A design for flying
Troke's hobby brings him closer to lifelong dream
FORT SIMPSON (Oct 15/99) - Barry Troke can fly in every season, landing his plane on wheels, skis or floats, just like many of pilots in the Deh Cho.
The difference is that Troke remains on the ground the entire time. You see, he flies his planes -- model planes -- with the use of a transmitter, or remote control. He started out with a trainer aircraft after moving to Fort Simpson a year ago. Naturally, there has been some trial and error, he admitted.
"I got it out there and beat it up 10 times before I got it flying," he said, pointing out various parts of the plane that he has since rebuilt, such as the nose and wing.
It's the construction, and re-construction, of the planes that consume most of the hours he spends on his planes.
"Ninety-five per cent of my time is in the building, fixing and improvising," he said.
And improvise he does. Some of the model kits leave something to be desired, so he finds a way to improve upon the directions. For instance, to check the fuel level in his trainer, he previously had to remove the wings. So, he cut a hole in the fuselage allowing him to simply peer inside to gauge the amount of flying time he has left before having to refuel. The models also come with basic moulded tires that are designed for paved airstrips. Without that luxury in Fort Simpson, Troke installed "tundra tires" like those found on a twin-otter, enabling him to make landings on the beach and in the bush.
An advanced model plane, such as the Cessna 182 that Troke is working on now, comes with detailed plans, an instruction booklet and a balsa wood frame. With 400-500 hours of meticulous labour and hundreds of dollars spent, a flying mishap would be "devastating," Troke acknowledged.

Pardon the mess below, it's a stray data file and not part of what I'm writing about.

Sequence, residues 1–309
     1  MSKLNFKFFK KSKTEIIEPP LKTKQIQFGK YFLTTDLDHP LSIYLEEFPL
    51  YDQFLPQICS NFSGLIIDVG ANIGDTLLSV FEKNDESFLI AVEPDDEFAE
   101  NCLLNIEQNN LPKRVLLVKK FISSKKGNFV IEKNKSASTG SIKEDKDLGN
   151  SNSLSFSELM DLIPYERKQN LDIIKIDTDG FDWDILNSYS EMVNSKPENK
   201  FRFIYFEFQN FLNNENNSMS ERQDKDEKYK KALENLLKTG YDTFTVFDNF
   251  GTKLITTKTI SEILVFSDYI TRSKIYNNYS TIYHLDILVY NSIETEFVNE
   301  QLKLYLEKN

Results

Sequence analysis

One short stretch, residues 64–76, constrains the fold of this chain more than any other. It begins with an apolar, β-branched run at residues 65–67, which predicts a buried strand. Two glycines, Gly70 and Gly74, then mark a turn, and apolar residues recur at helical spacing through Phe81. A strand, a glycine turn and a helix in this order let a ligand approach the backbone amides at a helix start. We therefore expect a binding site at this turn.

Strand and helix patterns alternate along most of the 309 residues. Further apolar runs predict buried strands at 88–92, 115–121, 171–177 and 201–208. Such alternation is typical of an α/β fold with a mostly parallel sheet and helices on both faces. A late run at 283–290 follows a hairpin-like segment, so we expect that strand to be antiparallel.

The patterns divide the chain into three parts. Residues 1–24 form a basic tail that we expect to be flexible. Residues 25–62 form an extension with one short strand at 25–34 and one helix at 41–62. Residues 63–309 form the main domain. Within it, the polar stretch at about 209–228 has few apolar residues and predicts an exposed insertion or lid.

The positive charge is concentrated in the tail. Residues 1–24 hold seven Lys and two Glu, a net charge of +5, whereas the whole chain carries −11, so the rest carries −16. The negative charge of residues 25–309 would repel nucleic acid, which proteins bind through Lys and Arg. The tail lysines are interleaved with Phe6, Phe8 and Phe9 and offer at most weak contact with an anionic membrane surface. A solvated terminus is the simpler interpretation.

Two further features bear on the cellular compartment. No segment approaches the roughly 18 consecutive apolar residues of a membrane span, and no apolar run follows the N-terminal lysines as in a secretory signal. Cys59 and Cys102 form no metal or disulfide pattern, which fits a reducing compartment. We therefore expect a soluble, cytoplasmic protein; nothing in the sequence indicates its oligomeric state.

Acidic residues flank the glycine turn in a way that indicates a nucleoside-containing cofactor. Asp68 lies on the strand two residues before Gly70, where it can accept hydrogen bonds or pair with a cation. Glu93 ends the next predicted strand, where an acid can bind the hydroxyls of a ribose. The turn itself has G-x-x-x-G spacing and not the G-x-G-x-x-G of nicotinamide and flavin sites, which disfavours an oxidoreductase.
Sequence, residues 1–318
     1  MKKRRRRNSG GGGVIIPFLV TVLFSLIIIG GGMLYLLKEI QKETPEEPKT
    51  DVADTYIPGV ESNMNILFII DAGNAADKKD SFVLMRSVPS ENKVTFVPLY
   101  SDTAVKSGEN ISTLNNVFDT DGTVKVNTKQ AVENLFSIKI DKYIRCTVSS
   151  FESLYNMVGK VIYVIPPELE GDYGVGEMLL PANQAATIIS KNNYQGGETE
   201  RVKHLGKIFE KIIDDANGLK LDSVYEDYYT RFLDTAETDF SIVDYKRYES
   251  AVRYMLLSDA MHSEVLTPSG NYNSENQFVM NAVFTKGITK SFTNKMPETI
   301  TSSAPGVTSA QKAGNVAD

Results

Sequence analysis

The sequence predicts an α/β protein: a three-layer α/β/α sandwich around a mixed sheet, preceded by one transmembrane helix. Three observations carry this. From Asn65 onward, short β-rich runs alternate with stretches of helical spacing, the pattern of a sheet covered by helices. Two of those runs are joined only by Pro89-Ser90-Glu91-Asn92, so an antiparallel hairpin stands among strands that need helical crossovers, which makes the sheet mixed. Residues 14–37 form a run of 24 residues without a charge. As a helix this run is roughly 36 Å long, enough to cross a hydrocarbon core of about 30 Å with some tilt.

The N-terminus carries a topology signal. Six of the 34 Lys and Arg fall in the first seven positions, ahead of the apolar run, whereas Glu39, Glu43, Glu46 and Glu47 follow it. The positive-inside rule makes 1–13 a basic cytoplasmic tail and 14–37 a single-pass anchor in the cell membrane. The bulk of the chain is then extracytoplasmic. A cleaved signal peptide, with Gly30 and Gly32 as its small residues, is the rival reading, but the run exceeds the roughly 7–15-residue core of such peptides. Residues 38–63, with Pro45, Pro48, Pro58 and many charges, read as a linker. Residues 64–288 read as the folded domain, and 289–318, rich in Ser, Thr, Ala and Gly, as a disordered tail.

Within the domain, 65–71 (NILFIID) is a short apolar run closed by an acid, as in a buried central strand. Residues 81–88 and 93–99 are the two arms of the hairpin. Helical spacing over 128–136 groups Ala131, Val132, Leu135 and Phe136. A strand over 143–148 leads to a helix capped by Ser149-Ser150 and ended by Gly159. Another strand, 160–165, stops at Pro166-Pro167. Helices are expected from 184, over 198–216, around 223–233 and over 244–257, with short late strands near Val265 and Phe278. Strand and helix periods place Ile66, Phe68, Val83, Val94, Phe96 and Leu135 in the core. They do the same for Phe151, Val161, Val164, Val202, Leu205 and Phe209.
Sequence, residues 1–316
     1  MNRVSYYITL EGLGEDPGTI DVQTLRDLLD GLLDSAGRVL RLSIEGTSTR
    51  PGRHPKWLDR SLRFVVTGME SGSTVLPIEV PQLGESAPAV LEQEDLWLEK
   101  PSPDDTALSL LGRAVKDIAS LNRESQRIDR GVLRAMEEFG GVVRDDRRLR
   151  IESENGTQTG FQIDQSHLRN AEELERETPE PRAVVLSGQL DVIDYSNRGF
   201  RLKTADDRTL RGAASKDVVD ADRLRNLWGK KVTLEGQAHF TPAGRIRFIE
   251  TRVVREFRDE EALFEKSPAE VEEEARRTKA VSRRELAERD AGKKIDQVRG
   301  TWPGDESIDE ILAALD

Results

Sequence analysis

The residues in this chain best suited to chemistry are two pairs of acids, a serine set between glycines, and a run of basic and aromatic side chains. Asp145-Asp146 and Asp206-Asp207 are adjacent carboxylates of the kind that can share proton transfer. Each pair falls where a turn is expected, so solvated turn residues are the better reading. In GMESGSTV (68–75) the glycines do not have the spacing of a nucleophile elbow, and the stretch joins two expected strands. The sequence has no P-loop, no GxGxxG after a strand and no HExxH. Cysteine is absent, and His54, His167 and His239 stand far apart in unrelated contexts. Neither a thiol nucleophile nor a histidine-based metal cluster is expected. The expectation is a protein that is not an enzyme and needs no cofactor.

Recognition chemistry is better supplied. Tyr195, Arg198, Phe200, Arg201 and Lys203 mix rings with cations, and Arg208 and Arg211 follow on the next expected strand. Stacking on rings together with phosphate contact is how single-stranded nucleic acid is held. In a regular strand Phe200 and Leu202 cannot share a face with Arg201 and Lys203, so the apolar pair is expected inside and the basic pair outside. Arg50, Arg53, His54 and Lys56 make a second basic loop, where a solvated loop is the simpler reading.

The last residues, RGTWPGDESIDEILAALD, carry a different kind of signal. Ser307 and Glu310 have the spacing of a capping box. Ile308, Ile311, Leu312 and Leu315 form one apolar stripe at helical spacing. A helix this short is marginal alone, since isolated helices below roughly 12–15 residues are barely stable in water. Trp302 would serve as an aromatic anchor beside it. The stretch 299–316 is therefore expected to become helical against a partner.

"You invest a lot of time and money into it, so you don't want to crash it," he said, adding that a collision with a bystander could be lethal, so the hobby has to be approached with caution. Jet models can approach 160 kilometres an hour, and his trainer generally, which flies at a 50-60 km/h clip, can reach higher speeds in a dive. Propellers are capable of shearing off fingers too, he added.
Troke suggests that novices should begin with a cheaper and more simplistic trainer, which takes about 10 hours to assemble. The model kits range from $50 to $1,000, he said. There's also a basic start-up cost of about $500 for the transmitter (some of which are programmable to fly up to 10 different models), an engine (which never accompanies the plane), basic tools, glue, sandpaper, etc. The engines come in a two-stroke and four-stroke variety, with larger planes using little gas engines like those found in a chainsaw, according to Troke.
"No two planes are alike ... they all respond differently," he said.
He has had a fascination with the physics of flying as long as he can remember. In his job as a park warden, he's been aboard planes and helicopters many times over. He's even spent countless hours learning instrument flight rules on a simulator with intentions of someday flying a ultralight aircraft.
"That's where I'm headed. I've got the itch," he said, smiling.
In the meantime, he's found several other people in Fort Simpson who also have model planes. After contacting all of them, he's considering starting a club with hopes that even more people will get involved. Maybe they too will become so caught up in the hobby that they too will keep flight logs with dates, weather conditions, location, number of hours flown and other general comments. Why not?
"It's just like a real plane, all the same principles," Troke said.